Like a bird on the wire,
like a drunk in a midnight choir
I have tried in my way to be free.


   
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greybeard
(@greybeard)
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I'm not too sure about using headphones to get your sound together. I have a Pandora PX4 and find that the phones dampen all the effects. What sounds good through the PX4 sounds way over the top through an amp.

I started with nothing - and I've still got most of it left.
Did you know that the word "gullible" is not in any dictionary?
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colin rp
(@colin-rp)
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Joined: 18 years ago
Posts: 37
 

You're probably right about that. I was suggesting that more because head phones have a more neutral response like the p.a. he is plugged directly into rather than the fender amp which really is an instrument in its own right.


   
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mannydingo
(@mannydingo)
Active Member
Joined: 14 years ago
Posts: 6
 

I"m not going to read all the above so take that into account when you read the following. If you are going direct to the board and not playing through a guitar amp, go to the back of the unit and make sure the Mixer/Amp button is set to Mixer. That's the pushed in position. I know it's elementary but some(just a few) people have actually ignored this button. I would recommend not using a guitar amp and going direct to the mixer or P.A. or using a keyboard combo amp if you're going to use an amp and pressing that button in. Just my opinion, folks. I know this was sometime last year but you may still be dealing with the problem.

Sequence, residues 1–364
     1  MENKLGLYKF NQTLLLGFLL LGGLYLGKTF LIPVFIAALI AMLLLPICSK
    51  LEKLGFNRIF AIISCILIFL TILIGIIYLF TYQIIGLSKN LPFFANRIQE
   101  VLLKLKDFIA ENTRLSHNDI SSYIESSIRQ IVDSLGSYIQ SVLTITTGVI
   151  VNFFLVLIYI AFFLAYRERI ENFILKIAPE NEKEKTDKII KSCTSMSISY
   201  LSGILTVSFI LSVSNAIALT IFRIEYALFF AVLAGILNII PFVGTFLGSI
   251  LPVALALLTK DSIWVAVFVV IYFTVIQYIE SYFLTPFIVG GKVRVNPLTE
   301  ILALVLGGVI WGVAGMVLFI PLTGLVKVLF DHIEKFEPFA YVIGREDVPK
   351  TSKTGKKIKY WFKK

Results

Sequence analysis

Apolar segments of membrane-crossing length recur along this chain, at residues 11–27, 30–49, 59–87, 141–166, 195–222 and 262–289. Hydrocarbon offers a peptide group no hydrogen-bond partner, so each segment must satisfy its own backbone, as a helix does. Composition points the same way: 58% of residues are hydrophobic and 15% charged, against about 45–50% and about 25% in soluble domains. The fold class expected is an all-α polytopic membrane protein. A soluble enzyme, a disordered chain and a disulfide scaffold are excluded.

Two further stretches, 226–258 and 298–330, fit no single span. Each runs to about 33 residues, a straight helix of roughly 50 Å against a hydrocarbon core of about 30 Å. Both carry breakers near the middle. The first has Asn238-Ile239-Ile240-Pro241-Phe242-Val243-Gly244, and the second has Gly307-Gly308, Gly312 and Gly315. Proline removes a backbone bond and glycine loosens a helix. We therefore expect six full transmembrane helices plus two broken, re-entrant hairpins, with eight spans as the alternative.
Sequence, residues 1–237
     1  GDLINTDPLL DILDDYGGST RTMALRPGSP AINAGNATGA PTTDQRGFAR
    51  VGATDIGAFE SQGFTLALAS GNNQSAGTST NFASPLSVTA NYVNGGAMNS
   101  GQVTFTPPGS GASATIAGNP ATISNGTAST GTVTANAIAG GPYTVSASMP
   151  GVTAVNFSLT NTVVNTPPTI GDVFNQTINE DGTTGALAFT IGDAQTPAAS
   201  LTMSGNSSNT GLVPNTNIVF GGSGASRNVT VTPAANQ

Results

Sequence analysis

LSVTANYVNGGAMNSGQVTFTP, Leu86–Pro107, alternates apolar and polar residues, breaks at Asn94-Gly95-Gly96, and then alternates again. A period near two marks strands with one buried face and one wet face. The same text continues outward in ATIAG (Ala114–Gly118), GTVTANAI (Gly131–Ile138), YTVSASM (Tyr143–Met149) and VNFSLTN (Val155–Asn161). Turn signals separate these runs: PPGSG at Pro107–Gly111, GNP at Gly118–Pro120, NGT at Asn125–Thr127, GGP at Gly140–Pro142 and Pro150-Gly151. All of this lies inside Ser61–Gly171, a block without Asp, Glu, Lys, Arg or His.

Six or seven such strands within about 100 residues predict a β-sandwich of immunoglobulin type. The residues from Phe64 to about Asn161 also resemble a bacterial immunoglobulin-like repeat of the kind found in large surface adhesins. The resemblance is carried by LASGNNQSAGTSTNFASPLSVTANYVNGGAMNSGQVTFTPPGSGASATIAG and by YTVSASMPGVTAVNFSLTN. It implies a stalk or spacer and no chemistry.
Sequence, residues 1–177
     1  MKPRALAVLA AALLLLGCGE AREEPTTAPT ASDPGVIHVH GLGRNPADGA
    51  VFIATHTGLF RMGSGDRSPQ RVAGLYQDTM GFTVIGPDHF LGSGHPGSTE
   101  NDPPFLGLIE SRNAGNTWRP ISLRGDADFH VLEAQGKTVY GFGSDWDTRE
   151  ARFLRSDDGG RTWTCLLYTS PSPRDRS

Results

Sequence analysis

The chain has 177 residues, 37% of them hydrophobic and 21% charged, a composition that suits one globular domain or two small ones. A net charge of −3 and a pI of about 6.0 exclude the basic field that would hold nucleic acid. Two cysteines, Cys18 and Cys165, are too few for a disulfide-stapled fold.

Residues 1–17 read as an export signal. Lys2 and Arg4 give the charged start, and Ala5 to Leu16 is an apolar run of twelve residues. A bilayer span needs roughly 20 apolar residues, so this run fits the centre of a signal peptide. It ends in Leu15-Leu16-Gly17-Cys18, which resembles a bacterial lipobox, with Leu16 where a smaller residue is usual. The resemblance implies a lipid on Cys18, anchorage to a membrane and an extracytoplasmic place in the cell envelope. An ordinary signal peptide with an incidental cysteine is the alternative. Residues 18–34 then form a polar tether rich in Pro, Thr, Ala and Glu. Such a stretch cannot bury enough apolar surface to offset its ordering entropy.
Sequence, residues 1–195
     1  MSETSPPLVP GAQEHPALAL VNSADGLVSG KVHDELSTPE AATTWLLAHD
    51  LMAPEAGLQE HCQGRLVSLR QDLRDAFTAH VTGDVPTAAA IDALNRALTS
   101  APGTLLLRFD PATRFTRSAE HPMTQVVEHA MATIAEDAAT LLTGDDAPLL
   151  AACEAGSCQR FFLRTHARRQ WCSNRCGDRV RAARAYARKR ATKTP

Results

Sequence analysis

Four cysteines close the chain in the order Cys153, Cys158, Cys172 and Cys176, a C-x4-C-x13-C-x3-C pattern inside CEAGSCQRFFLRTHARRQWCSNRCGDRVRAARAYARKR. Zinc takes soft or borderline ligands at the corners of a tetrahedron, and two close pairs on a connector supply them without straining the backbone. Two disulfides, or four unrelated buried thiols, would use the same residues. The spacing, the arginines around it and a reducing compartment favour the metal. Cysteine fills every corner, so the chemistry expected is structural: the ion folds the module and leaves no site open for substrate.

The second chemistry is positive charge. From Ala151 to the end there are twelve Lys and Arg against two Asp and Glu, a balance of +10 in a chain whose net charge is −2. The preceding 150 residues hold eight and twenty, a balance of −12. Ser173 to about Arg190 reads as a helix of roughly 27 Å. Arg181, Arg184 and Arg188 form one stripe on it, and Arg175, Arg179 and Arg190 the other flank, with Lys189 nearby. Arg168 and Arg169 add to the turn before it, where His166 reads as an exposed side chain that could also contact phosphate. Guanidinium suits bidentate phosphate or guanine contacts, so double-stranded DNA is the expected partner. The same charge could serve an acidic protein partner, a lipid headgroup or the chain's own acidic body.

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imalone
(@imalone)
Reputable Member
Joined: 13 years ago
Posts: 267
 

Seconding what Colin RP said.
It is your playing that still controls the amp the heavy strings and bridge pick up just accentuate the amps response. Play around with the volume and tone knobs on the guitar when you play live as many players tend to play somewhat differently in a live or a band situation then by themselves.

With distortion/high gain have the guitar volume much lower than you'd have for clean and consider not hitting all the strings for chords. Playing across all six is louder and more likely to make the sound break up, if you really want to get them all then hit gently and with low volume on the guitar.


   
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greybeard
(@greybeard)
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Joined: 20 years ago
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I'm not sure exactly what sound it is that you're looking for - is there a recording that we listen to?

Having said that, I'm going to guess that what you want is close to the sound that is made by a tube amp going into overdrive at high volume setting, when the tubes start to "sing" and it becomes very dynamic. Try Vox AC30 or any Fender emulation and add gain. Throwing in some compression might also help.

I started with nothing - and I've still got most of it left.
Did you know that the word "gullible" is not in any dictionary?
Greybeard's Pages
My Articles & Reviews on GN